In reply to by tmosley

Lore BennyBoy Fri, 09/29/2017 - 05:44 Permalink

The bulk of damage wrought by an EMP will be to the unprotected civilian surface grid, not military systems, which are supposedly "hardened" (shielded / protected) against EMP -- but thinking of the fabled Russian plane / USS Donald Cook incident and similar stories, who knows? EMP is the first reason why I chose to disregard cryptocurrency as a replacement for conventional currency or money. Distributed or not, a ledger is still nothing more than a database: a list.  It's foolish to confuse it for a store of value.  One way or another, the market is going to demonstrate the true value of all crypto-lists. (The very name is an in-your-face inside joke: the literal translation of 'cryptic' is "having a meaning that is mysterious or obscure."  Remember 'Swine Flu?'  How is this any less obvious?) 

In reply to by BennyBoy

fockewulf190 Lore Fri, 09/29/2017 - 06:48 Permalink

Yeah well if the "civilian" grid is fried by a man made EMP pulse or from another Carrington Event, the biggest problems will we all be facing is how to keep the nuclear power plants from turning into Fukushimas everywhere. Even more dangerous, is how to keep the spent nuclear fuel rod pools from evaporating. Without constant cooling, the rods will start to react and explode, spewing massive amounts of radiation into the atmosphere and contaminating the entire globe. Point being, your military may be hardened against such attacks and be capable of survival, but only for as long as the poison outside can be kept at bay.

In reply to by Lore

HalinCA Lore Fri, 09/29/2017 - 05:25 Permalink

This is driven by the attempts to 'get inside' the enemy's  OODA loop. Russians/Chinese/Indians claim to have cruise missiles that hunt 'in packs' and that any of them can act as scouts, decoys, etc.  They dynamically reconfigure their attack pattern to maximize the chances of getting the primary target [our CVNs] and after the primary is gone, the focus shifts to the lesser value targets.The Iranians, to me at least, have proven the ability to spoof GPS and are working on disrupting the comm link for guiding our F18s onto ships in bad weather.  Assuming they can do that, and they are sharing ideas/technologies with Russia and China, I'd say we have  some serious problems on our hands:- Can we trust our positioning systems to deliver PGM anymore?- Can we trust our inter platform communication links?For years now China Lakes conducts GPS testing that affects GPS accuracy all over Eastern CA and Southern Nevada.  FAA announces the timing, duration, and affected areas when they do the testing.  This testing did not begin until ater the Iranians forced that drone down ... But by now we all should realize trusting AI and autonomous killing devices is a bad idea ...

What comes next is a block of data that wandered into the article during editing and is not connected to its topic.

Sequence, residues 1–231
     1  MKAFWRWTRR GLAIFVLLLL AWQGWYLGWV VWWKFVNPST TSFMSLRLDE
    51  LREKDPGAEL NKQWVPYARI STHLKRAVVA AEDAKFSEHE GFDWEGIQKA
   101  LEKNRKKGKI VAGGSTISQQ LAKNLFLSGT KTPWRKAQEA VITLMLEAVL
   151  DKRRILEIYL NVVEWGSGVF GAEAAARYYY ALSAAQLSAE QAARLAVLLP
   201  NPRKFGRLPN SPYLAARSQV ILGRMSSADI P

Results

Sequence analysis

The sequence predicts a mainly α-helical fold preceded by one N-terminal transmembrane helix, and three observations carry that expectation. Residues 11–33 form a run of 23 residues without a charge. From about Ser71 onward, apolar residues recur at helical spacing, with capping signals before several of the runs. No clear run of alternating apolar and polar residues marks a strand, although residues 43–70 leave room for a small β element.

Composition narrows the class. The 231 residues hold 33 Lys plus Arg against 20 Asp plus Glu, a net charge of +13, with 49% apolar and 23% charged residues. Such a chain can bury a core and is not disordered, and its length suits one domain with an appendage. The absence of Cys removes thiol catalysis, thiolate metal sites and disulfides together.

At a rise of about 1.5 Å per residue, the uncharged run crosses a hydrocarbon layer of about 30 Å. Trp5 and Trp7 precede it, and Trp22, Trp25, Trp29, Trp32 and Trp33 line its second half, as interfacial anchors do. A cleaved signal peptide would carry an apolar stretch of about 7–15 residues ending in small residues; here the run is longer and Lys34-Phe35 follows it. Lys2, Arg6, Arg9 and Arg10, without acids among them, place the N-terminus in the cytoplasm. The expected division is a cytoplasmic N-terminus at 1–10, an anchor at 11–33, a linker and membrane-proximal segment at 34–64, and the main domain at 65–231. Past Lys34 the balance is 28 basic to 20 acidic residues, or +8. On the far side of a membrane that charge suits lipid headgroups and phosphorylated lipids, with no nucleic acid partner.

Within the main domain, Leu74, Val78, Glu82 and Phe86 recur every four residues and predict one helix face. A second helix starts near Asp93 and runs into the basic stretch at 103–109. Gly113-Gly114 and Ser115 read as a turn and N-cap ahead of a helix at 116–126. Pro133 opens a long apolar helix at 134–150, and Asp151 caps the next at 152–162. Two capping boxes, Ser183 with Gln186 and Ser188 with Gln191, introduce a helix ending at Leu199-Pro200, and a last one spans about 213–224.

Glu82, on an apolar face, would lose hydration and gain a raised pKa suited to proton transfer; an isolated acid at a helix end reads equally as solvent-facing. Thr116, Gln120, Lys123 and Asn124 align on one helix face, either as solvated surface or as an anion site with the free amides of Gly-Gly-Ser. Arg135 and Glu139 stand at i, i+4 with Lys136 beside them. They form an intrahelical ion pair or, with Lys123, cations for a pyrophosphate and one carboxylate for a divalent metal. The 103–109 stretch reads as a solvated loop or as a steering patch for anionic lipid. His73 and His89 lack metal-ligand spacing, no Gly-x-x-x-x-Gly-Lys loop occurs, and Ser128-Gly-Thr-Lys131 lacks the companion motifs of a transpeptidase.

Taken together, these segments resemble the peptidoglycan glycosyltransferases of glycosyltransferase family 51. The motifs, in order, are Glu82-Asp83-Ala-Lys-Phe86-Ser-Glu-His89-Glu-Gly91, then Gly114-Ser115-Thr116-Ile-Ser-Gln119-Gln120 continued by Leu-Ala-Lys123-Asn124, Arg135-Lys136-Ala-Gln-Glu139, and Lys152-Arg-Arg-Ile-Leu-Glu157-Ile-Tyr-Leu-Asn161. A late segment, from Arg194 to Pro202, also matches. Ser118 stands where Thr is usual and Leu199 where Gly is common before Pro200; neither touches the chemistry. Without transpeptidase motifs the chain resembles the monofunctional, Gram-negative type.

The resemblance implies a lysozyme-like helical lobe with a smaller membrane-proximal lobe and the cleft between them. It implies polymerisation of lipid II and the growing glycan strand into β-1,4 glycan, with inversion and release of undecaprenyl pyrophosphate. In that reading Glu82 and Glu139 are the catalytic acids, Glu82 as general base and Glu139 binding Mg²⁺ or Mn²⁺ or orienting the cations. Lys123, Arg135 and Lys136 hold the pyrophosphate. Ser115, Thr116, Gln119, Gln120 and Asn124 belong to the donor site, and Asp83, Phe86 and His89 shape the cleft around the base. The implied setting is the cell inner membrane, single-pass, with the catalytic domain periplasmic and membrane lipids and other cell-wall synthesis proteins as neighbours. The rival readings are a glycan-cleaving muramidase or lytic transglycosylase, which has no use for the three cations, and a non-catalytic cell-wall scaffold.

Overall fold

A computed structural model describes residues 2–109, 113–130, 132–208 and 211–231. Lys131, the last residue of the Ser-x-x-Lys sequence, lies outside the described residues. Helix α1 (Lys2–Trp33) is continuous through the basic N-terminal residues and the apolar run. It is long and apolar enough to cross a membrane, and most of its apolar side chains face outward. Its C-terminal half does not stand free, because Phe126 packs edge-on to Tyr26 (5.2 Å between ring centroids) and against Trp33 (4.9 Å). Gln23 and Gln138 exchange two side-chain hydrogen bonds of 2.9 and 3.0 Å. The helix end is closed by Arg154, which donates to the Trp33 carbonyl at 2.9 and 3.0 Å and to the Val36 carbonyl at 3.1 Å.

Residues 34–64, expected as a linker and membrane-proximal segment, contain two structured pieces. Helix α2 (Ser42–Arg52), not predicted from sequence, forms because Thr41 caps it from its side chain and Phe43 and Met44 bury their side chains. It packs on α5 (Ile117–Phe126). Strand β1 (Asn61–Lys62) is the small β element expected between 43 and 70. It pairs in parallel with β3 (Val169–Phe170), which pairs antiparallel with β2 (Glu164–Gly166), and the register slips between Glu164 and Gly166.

In reply to by Lore

Lore HalinCA Fri, 09/29/2017 - 06:28 Permalink

Thanks. Many ZHers (myself included) are handicapped by lack of prior study.There are interesting ramifications with regard to sense of self and place in the battlefield.  One can glimpse the challenges involved, but also potential workarounds. Trivially: the ultimate OODA loop is pre-emptive.

In reply to by HalinCA

cheeseheader Herd Redirecti… Thu, 09/28/2017 - 23:09 Permalink

“Every Tesla car is connected to every other Tesla car,” said Goldfein, referring to a presentation by Elon Musk about the ways his firm’s vehicles learn from their collective experience. “If a Tesla is headed down the road and hits a pothole, every Tesla that’s behind it that’s self-driving, it will avoid the pothole, immediately. If you’re driving the car, it automatically adjusts your shocks in case you hit it, too.”~~~~~~~~~~~So. if one tesla catches fire, then all those behind it catch fire also?  (one can only hope...). I'm telling you, I am so through with the mere mention of this clown elonski. Throw-up material....